It has been recognized for the past century that copper deposits, in common with those of many other metals, are heterogeneously concentrated in Earth’s upper crust, resulting in areally restricted copper provinces that were generated during several discrete metallogenic epochs over time intervals of up to several hundred million years. Various segments of circum-Pacific magmatic arcs, for example, have total contained copper contents that differ by two orders of magnitude. Each metallogenic epoch introduced its own deposit type(s), of which porphyry copper (and related skarn), followed by sediment-hosted stratiform copper and then iron oxide copper-gold (IOCG), are globally preeminent. Nonetheless, genesis of the copper provinces remains somewhat enigmatic and a topic of ongoing debate.
A variety of deposit-scale geometric and geologic features and factors strongly influence the size and/or grade of porphyry copper, sediment-hosted stratiform copper, and/or IOCG deposits. For example, development of major porphyry copper deposits/districts is favored by the presence of clustered alteration-mineralization centers, mafic or massive carbonate host rocks, voluminous magmatic-hydrothermal breccias, low sulfidation-state core zones conducive to copper deposition as bornite ± digenite, hypogene and supergene sulfide enrichment, and mineralized skarn formation, coupled with lack of serious dilution by late, low-grade porphyry intrusions and breccias. Furthermore, the copper endowment of all deposit types undoubtedly benefits from optimization of the ore-forming processes involved.
Tectonic setting also plays a fundamental role in copper metallogeny. Contractional tectonomagmatic belts, created by flat-slab subduction or, less commonly, arc-continent collision and characterized by crustal thickening and high rates of uplift and exhumation, appear to host most large, high-grade hypogene porphyry copper deposits. Such mature arc crust also undergoes mafic magma input during porphyry copper formation. The premier sediment-hosted stratiform copper provinces were formed in cratonic or hinterland extensional sedimentary basins that subsequently underwent tectonic inversion. The IOCG deposits were generated in association with extension/transtension and felsic intrusions, the latter apparently triggered by deep-seated mafic magmas in either intracratonic or subduction settings. The radically different exhumation rates characteristic of these various tectonic settings account well for the secular distribution of copper deposit types, in particular the youthfulness of most porphyry relative to sediment-hosted stratiform and IOCG deposits. Notwithstanding the importance of these deposit-scale geologic, regional tectonic, and erosion-rate criteria for effective copper deposit formation and preservation, they seem inadequate to explain the localization of premier copper provinces, such as the central Andes, southwestern North America, and Central African Copperbelt, in which different deposit types were generated during several discrete epochs. By the same token, the paucity of copper mineralization in some apparently similar geologic settings elsewhere also remains unexplained.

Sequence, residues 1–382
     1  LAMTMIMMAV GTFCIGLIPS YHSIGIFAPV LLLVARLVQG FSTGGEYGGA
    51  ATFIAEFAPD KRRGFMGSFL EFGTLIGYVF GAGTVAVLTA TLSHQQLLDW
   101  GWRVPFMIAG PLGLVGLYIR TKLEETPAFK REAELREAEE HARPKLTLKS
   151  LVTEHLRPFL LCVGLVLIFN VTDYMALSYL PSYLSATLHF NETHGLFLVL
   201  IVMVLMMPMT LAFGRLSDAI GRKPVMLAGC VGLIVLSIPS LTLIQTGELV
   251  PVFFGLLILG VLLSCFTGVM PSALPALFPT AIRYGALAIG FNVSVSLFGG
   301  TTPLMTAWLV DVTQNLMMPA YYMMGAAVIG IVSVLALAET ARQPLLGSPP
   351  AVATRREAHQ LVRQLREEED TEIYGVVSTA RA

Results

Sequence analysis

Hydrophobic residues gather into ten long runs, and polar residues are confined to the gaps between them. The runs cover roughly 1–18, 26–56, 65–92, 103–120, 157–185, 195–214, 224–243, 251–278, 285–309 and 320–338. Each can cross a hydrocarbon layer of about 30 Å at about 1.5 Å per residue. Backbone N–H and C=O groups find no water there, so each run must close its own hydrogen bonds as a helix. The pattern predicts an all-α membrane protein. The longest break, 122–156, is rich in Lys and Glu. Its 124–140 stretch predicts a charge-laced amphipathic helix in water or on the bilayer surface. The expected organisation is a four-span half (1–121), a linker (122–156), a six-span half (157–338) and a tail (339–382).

It is proposed here that major copper provinces occur where restricted segments of the lithosphere were predisposed to upper-crustal copper concentration throughout long intervals of Earth history. This predisposition was most likely gained during oxidation and copper introduction by subduction-derived fluids, containing metals and volatiles extracted from hydrated basalts and sediments in downgoing slabs. As a result, superjacent lithospheric mantle and lowermost crust were metasomatized as well as gaining cupriferous sulfide-bearing cumulates during magmatic differentiation—processes that rendered them fertile for tapping during subsequent subduction-or, uncommonly, intraplate extension-related magmatic events to generate porphyry copper and IOCG districts or belts. The fertile lithosphere beneath some accretionary orogens became incorporated during earlier collisional events, commonly during Precambrian times. Relatively oxidized crustal profiles—as opposed to those dominated by reduced, sedimentary material—are also required for effective formation of all major copper deposits. Large sedimentary basins underlain by or adjoining oxidized and potentially copper-anomalous crust and filled initially by immature redbed strata containing magmatic arc-derived detritus provide optimal sites for large-scale, sediment-hosted stratiform copper mineralization. Translithospheric fault zones, acting as giant plumbing systems, commonly played a key role in localizing all types of major copper deposits, districts, and belts. These proposals address the long-debated concept of metal inheritance in terms of the fundamental role played by subduction-metasomatized mantle lithosphere and lowermost crust in global copper metallogeny.